A perfect home is hard to find, and some mantis shrimp called "smashers" for their clublike arm work hard to locate one that's just right. If the home already has an owner, the invader will fight fiercely to evict it.
To find out how aggressively this tiny crustacean will fight to throw out a previous owner of a coral burrow, researchers created "arenas" in laboratory aquariums and staged battles between mantis shrimp, over ownership of a desirable mock burrow.
Though mantis shrimp typically prefer burrows that are bigger than their bodies, leaving them room to grow, that wasn't always the case in the experiments. In the staged battles, the combatants fought hardest to win homes that were slightly smaller than ideal, perhaps because the invaders recognized that smaller burrows contained punier rivals that would be easier to defeat, the scientists wrote in a new study.
Despite their common name, mantis shrimp aren't shrimp; rather, they are stomatopods, a related crustacean order. For the study, the scientists collected the mantis shrimp Neogonodactylus bredini, which live in coral reefs in the southern Caribbean Sea and measure up to 2.4 inches (60 millimeters) in length, according to the Smithsonian Tropical Research Institute.
Mantis shrimp "punches" are known for their speed, accelerating at 50 mph (80 km/h) to deliver blows that can smash snail shells and crack aquarium glass. N. bredini males and females both compete for ownership of reef-rubble burrows in seagrass beds, and they deliver "potentially damaging, high-force strikes during these contests," the researchers reported.
The scientists randomly paired up male and female mantis shrimp, acclimating them separately to burrows in a range of sizes. Then, one shrimp was presented with a plastic burrow with a single opening, where it could make itself at home. Next, the scientists introduced a second shrimp to the tank, observing the interloper to see if it would attack the burrow's occupant (competitions were stopped if either of the mantis shrimp were in danger of suffering serious injury or death, according to the study).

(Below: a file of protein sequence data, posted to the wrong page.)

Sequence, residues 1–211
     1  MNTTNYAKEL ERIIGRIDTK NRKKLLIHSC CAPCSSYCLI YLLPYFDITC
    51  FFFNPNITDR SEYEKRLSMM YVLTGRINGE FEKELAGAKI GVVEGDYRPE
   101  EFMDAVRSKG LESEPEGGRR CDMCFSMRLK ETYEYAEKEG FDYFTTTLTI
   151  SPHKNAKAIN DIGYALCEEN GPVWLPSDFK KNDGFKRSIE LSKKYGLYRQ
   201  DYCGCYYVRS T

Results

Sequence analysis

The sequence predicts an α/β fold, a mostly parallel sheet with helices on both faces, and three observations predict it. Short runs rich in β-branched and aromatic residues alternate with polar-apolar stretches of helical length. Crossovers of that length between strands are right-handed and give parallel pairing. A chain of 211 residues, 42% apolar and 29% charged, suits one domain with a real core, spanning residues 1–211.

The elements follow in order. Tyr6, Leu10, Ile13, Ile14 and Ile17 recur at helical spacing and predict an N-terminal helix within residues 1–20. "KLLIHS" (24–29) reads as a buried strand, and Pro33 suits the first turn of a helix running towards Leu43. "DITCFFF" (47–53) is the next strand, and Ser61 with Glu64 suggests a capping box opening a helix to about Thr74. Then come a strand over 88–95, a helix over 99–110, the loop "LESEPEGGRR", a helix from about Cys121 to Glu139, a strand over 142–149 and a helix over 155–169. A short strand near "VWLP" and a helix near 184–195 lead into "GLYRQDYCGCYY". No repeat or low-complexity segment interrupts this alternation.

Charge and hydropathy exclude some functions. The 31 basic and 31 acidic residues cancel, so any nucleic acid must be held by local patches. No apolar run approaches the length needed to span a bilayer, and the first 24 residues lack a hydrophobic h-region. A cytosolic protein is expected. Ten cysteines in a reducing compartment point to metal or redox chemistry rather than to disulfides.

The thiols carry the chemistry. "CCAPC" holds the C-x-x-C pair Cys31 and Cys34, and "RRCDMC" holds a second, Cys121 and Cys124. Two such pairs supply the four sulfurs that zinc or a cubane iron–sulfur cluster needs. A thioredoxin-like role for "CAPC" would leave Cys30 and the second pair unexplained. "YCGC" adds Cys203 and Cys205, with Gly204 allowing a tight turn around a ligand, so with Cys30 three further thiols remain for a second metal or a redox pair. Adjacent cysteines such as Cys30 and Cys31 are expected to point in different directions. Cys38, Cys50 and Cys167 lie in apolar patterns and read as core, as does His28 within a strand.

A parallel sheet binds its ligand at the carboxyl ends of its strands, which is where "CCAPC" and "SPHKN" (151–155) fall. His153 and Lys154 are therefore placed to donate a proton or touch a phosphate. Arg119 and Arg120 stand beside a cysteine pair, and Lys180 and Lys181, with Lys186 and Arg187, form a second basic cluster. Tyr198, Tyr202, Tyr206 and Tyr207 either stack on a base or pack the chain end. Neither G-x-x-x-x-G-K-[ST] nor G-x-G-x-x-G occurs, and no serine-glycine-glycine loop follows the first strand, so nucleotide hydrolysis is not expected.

When mantis shrimp had their choice of unoccupied burrows, they typically picked options that included some growing room. But when the crustaceans had to fight for an already-occupied burrow, they fought harder and were more successful if the burrows were smaller than the ideal size, the researchers found.
Burrow residents definitely had a home-turf advantage — the invaders won just 31% of their fights. If the burrows were much too big or much too small for the invaders, they fared even worse, winning only 13% of the battles.
But when a burrow was only slightly smaller than was ideal for the invader's body size, the intruder mantis shrimp won 67% of the time. It's possible that the interlopers assessed the size of the smaller burrows and recognized that the shrimp inside would also be smaller — and easier to beat in a fight.
"We know that animals can assess a variety of factors, including the size of the opponent and the value of the prize, when deciding whether to fight and how hard to fight," said lead study author Patrick Green, a postdoctoral fellow with the Human Frontier Science Program at the Centre for Ecology and Conservation at the University of Exeter in Cornwall, England.
"In this case, as a smaller burrow is probably occupied by a smaller opponent, it seems mantis shrimps will compromise on the size of the home if it means an easier fight," Green said in a statement. "It might be assumed that animals fight hardest for the biggest assets, but this study is an example of maximum effort being reserved for something that's 'just right,'" Green said.
They published their findings online Oct. 28 in the journal Animal Behavior.
Originally published on Live Science.
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Mindy Weisberger is an editor at Scholastic and a former Live Science channel editor and senior writer. She has reported on general science, covering climate change, paleontology, biology, and space. Mindy studied film at Columbia University; prior to Live Science she produced, wrote and directed media for the American Museum of Natural History in New York City. Her videos about dinosaurs, astrophysics, biodiversity and evolution appear in museums and science centers worldwide, earning awards such as the CINE Golden Eagle and the Communicator Award of Excellence. Her writing has also appeared in Scientific American, The Washington Post and How It Works Magazine.